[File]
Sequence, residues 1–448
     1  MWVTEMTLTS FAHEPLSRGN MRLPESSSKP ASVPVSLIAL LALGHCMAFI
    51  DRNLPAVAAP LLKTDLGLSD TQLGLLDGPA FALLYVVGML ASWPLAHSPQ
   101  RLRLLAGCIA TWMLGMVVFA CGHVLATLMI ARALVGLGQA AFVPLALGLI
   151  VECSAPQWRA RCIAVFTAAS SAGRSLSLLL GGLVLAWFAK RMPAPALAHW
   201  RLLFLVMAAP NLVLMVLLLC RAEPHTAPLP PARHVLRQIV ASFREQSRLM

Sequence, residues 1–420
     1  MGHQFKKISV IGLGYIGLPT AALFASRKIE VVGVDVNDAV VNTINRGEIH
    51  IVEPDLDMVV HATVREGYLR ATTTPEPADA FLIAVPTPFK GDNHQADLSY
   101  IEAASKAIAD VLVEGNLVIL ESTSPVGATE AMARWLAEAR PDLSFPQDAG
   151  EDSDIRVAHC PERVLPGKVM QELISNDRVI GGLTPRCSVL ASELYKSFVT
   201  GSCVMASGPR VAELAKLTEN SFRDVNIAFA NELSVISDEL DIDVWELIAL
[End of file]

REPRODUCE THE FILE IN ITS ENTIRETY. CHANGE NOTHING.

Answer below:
Sequence, residues 1–448
     1  MWVTEMTLTS FAHEPLSRGN MRLPESSSKP ASVPVSLIAL LALGHCMAFI
    51  DRNLPAVAAP LLKTDLGLSD TQLGLLDGPA FALLYVVGML ASWPLAHSPQ
   101  RLRLLAGCIA TWMLGMVVFA CGHVLATLMI ARALVGLGQA AFVPLALGLI
   151  VECSAPQWRA RCIAVFTAAS SAGRSLSLLL GGLVLAWFAK RMPAPALAHW
   201  RLLFLVMAAP NLVLMVLLLC RAEPHTAPLP PARHVLRQIV ASFREQSRLM

Sequence, residues 1–420
     1  MGHQFKKISV IGLGYIGLPT AALFASRKIE VVGVDVNDAV VNTINRGEIH
    51  IVEPDLDMVV HATVREGYLR ATTTPEPADA FLIAVPTPFK GDNHQADLSY
   101  IEAASKAIAD VLVEGNLVIL ESTSPVGATE AMARWLAEAR PDLSFPQDAG
   151  EDSDIRVAHC PERVLPGKVM QELISNDRVI GGLTPRCSVL ASELYKSFVT
   201  GSCVMASGPR VAELAKLTEN SFRDVNIAFA NELSVISDEL DIDVWELIAL